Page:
Mayo’s Ballycroy to become State’s third largest national park

Expansion will allow for link to Great Western Greenway extending north to Bangor Erris and Ballycastle

View from Ballycroy, Erris, Co Mayo: New Minister for Heritage Josepha Madigan said the expansion addressed a long-standing strategy to “align key environmental assets”. Photograph; Dara Mac Dónaill

View from Ballycroy, Erris, Co Mayo: New Minister for Heritage Josepha Madigan said the expansion addressed a long-standing strategy to “align key environmental assets”. Photograph; Dara Mac Dónaill

 

Wilderness is something Minister for Rural and Community Development Michael Ring knows a bit about after 23 years in politics.

However, the relatively new front bench member was keen to extol the benefits of wild places in his home constituency on Friday, when he announced the expansion of north Mayo’s national park at Ballycroy.

The park is to grow from 11,000 to more than 15,000 hectares, with the transfer of Coillte land in the Nephin mountains – known as “Wild Nephin”.

It will make Ballycroy, which already has coveted “Dark Sky” designation for stargazing, as the third largest of the State’s six national parks.

Ballycroy, which is part of the Natura 2000 network, encompasses Atlantic blanket bog, including one of the last intact active systems in Ireland and western Europe at Owenduff, to the west of the Nephin Beg mountain range.

The expansion will improve access points to Ballycroy, and allow for a link to the Great Western Greenway extending north to Bangor Erris and Ballycastle.

Joint management by Coillte and the National Parks and Wildlife Service (NPWS) is to be consolidated into sole NPWS management, under a long-term lease with a nominal fee.

‘Rewilding’

NPWS’s divisional manager for the west Denis Strong said that the “rewilding” of areas managed by Coillte would involve replacing coniferous with deciduous trees in some parts, but key specimens such as mature Monterey pine would be kept.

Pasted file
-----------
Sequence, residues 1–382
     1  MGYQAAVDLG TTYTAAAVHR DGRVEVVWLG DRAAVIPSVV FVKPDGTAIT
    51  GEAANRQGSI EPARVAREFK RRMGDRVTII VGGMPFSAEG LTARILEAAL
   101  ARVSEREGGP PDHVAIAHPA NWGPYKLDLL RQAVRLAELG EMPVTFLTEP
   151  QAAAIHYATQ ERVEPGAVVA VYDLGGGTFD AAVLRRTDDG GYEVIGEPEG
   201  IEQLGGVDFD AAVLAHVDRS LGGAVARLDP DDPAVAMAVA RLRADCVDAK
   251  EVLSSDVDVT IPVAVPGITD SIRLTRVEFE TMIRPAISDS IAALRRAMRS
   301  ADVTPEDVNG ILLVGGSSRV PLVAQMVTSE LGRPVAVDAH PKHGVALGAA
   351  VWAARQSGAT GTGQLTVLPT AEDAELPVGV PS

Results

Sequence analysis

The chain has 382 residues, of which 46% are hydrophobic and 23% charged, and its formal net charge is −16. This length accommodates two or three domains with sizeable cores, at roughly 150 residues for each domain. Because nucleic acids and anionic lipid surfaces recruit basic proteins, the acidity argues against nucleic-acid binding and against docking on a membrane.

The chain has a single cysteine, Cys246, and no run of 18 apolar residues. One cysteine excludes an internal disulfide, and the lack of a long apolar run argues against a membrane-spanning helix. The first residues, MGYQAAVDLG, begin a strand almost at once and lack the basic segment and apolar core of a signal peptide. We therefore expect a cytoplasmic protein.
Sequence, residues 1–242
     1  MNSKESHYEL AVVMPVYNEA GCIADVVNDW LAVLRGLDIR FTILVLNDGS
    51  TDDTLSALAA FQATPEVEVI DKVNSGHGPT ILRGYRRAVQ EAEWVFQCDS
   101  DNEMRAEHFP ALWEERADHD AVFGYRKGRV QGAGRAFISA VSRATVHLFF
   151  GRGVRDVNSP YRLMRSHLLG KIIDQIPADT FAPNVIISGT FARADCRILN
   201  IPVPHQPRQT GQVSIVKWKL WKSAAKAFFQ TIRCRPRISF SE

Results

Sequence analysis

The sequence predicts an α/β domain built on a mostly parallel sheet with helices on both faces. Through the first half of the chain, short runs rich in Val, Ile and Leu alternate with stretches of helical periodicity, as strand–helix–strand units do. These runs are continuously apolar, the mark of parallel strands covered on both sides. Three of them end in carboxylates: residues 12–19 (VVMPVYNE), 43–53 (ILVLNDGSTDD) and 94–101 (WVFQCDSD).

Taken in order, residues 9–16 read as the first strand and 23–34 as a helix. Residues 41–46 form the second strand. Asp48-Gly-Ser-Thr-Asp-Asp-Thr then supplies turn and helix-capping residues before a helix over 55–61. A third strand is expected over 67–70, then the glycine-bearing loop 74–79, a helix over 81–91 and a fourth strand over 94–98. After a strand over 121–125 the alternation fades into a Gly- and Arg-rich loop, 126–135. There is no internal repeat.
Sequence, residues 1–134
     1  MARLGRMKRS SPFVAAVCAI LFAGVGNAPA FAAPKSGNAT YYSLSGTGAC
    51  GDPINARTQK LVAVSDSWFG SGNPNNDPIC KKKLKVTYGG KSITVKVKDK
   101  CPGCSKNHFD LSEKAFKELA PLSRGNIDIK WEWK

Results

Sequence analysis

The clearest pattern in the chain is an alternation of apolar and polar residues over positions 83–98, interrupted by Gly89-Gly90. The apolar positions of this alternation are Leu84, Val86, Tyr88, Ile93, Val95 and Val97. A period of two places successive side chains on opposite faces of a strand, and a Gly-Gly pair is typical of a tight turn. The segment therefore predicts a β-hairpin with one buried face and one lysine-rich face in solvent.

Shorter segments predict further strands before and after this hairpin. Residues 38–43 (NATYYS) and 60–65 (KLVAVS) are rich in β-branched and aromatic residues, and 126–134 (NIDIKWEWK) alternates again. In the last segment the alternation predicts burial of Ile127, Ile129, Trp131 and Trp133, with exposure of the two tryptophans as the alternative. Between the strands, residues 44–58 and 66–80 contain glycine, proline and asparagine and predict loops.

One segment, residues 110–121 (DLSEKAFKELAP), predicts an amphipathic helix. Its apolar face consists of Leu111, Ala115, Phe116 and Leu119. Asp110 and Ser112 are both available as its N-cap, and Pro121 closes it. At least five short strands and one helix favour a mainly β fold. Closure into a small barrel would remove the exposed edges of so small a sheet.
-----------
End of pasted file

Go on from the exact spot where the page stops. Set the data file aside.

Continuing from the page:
The Marine Institute was advising on planting deciduous trees in aquatic zones, Mr Strong said. “The Western Way already runs from Connemara through the Nephins to Ballycastle and the idea is that we will work with consultants on a conversion plan that develops walking and cycle routes. This is a long-term project, and today is the first chapter.”

Fruition

Mr Ring, who said he had initiated the project when junior minister in the Department of Heritage, expressed delight at its move to fruition.

New Minister for Heritage Josepha Madigan was unable to attend, but issued a statement welcoming the expansion.

Ms Madigan said the expansion addressed a long-standing strategy to “align key environmental assets”.

The transfer to NPWS control was also welcomed by Coillte Forest managing director Gerard Murphy.

Ballycroy National Park and visitor centre has been open since 2010. In 2013, Ballycroy National Park and Coillte agreed to set aside an area of land of approximately 11,000 hectares as Ireland’s first wilderness/wild area, then named Wild Nephin. Along with Kerry, the Mayo park has received dark sky status from the International Dark Sky Association.